Option #1:  To bridge the cultural gap between Silicon Valley and the Pentagon, the U.S. Military Departments will train, certify, and deploy “Cyber Foreign Area Officers” or CFAOs.  These CFAOs would align with DoD Directive 1315.17, “Military Department Foreign Area Officer (FAO) Programs[7]” and, within the cyber and Silicon Valley context, do the same as a traditional FAO and “provide expertise in planning and executing operations, to provide liaison with foreign militaries operating in coalitions with U.S. forces, to conduct political-military activities, and to execute military-diplomatic missions.”

Risk:  DoD treating multinational corporations like nation states risks further decreasing or eroding the recognition of nation states as bearing ultimate authority.  Additionally, there is risk that the checks and balances specifically within the U.S. between the public and private sectors will tip irrevocably towards the tech sector and set the sector up as a rival for the USG in foreign and domestic relationships. Lastly, success in this approach may lead to other business sectors/industries pushing to be treated on par.

Gain:  Having DoD establish a CFAO program would serve to put DoD-centric cyber/techno skills in a socio-cultural context, to aid in Silicon Valley sense-making, narrative development/dissemination, and to establish mutual trusted agency. In effect, CFAOs would act as translators and relationship builders between Silicon Valley and DoD, with the interests of all the branches of service fully represented. Given the routine real world and fictional depictions of Silicon Valley and DoD being from figurative different worlds, using a FAO construct to break through this recognized barrier may be a case of USG policy retroactively catching up with present reality. Further, considering the national security threats that loom from the DoD losing its technological superiority, perhaps the potential gains of this option outweigh its risks.

Option #2:  Maintain the status quo, where DoD alternates between first treating Silicon Valley as a necessary but sometimes errant supplier, and second seeking to emulate Silicon Valley’s successes and culture within existing DoD constructs.  

Risk:  Possibly the greatest risk in continuing the path of the current DoD approach to the tech world is the loss of the advantage of technical superiority through speed of innovation, due to mutual lack of understanding of priorities, mission drivers, objectives, and organizational design.  Although a number of DoD acquisition reform initiatives are gaining some traction, conventional thinking is that DoD must acquire technology and services through a lengthy competitive bid process, which once awarded, locks both the DoD and the winner into a multi-year relationship. In Silicon Valley, speed-to-market is valued, and concepts pitched one month may be expected to be deployable within a few quarters, before the technology evolves yet again. Continual experimentation, improvisation, adaptation, and innovation are at the heart of Silicon Valley. DoD wants advanced technology, but they want it scalable, repeatable, controllable, and inexpensive. These are not compatible cultural outlooks.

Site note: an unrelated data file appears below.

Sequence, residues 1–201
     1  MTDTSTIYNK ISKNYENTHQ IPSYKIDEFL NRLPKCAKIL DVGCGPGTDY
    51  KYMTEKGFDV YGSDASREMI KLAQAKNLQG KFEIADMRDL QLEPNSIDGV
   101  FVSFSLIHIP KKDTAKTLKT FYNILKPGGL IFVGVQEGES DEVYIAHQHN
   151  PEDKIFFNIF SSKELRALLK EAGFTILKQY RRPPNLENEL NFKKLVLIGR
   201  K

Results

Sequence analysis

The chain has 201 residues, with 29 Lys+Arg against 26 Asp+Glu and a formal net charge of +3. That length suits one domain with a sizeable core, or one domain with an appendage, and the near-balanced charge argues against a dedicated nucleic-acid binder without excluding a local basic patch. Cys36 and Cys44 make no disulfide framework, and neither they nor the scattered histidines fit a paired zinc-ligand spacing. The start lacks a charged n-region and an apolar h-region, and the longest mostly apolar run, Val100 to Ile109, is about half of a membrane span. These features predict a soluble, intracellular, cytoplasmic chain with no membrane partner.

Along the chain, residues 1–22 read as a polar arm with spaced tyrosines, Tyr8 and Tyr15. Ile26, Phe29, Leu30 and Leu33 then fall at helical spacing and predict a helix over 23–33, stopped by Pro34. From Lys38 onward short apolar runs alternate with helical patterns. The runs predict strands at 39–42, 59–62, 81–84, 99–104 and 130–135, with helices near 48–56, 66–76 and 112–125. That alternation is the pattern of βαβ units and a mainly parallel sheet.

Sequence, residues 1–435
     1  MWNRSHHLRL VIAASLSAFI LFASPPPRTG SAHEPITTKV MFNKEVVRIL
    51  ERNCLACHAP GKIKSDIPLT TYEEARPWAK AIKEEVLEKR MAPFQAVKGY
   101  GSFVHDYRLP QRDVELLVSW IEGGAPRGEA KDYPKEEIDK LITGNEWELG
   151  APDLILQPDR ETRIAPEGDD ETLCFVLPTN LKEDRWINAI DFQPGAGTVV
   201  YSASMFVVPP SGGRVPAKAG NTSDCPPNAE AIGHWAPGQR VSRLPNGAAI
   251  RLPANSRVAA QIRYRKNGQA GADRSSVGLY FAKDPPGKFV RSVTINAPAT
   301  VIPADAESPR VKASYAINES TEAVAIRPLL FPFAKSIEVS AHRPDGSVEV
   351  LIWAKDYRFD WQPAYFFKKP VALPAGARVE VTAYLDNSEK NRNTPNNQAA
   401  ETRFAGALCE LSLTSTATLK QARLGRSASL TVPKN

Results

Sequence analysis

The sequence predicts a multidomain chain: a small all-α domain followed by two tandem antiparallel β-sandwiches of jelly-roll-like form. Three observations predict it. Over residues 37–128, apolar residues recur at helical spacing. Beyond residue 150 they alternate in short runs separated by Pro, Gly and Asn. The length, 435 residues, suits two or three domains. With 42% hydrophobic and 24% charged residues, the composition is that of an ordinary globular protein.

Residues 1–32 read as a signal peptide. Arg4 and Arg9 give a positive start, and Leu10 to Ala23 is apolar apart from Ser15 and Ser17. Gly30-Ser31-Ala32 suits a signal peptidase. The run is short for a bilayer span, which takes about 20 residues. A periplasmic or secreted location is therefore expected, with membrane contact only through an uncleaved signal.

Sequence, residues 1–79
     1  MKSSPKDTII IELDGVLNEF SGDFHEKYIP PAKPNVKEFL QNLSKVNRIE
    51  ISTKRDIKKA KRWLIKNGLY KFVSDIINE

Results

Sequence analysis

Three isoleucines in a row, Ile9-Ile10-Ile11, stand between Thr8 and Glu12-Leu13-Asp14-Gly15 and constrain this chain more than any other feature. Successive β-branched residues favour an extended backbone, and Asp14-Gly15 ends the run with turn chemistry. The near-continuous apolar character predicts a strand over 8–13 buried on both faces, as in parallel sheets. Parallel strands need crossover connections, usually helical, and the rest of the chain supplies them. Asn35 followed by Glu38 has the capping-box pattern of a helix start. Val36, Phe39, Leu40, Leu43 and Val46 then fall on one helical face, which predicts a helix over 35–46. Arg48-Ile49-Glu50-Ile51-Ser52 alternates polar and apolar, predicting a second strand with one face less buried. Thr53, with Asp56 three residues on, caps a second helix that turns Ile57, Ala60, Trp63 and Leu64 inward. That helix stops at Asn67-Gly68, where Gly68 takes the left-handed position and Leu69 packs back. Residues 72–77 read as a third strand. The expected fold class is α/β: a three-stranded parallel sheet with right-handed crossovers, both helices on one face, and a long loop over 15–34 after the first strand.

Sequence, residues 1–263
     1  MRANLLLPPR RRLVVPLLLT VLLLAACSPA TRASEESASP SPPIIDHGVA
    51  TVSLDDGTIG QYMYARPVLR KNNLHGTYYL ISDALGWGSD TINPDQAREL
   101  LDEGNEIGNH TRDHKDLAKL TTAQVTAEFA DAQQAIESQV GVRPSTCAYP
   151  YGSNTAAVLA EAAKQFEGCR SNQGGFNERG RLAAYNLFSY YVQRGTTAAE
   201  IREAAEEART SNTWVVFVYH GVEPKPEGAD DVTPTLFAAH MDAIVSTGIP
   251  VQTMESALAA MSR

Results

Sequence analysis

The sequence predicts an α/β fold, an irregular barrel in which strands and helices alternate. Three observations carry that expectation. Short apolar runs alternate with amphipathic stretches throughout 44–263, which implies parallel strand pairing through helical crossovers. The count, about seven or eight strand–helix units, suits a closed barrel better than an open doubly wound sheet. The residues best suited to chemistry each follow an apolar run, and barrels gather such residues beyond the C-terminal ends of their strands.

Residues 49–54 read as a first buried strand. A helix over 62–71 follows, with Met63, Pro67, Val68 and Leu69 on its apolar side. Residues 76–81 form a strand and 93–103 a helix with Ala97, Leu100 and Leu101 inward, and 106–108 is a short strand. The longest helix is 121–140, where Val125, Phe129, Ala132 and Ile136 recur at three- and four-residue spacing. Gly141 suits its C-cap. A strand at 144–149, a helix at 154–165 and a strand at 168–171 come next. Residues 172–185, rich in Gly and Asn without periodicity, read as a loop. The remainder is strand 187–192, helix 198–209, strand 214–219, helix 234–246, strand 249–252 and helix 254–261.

Gain:  Continuing the current course of action has the advantage of familiarity, where the rules and pathways are well-understood by DoD and where risk can be managed. Although arguably slow to evolve, DoD acquisition mechanisms are on solid legal ground regarding use of taxpayer dollars, and program managers and decision makers alike are quite comfortable in navigating the use of conventional DoD acquisition tools. This approach represents good fiscal stewardship of DoD budgets.

Other Comments:  None. 

Recommendation:  None.  


Endnotes:

[1] Malcomson, S. Why Silicon Valley Shouldn’t Work With the Pentagon. New York Times. 19APR2018. Retrieved 15APR2019, from https://www.nytimes.com/2018/04/19/opinion/silicon-valley-military-contract.html.

[2] Hsu, J. Pentagon Warns Silicon Valley About Aiding Chinese Military. IEEE Spectrum. 28MAR2019. Retrieved 15APR2019, from https://spectrum.ieee.org/tech-talk/aerospace/military/pentagon-warns-silicon-valley-about-aiding-chinese-military.